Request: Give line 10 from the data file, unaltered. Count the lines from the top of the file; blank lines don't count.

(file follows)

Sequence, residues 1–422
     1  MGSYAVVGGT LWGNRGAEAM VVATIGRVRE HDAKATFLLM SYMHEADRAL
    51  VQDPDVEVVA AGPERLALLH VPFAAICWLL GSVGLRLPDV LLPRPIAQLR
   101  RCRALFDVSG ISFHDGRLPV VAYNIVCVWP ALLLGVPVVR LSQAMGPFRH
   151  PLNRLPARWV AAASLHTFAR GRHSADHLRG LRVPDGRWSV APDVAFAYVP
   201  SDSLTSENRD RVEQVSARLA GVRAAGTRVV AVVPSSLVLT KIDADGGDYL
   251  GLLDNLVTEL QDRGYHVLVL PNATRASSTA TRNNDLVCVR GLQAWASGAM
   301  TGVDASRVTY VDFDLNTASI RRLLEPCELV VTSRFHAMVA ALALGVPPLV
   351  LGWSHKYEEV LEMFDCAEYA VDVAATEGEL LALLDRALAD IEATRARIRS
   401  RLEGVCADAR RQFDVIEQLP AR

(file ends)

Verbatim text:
   401  RLEGVCADAR RQFDVIEQLP AR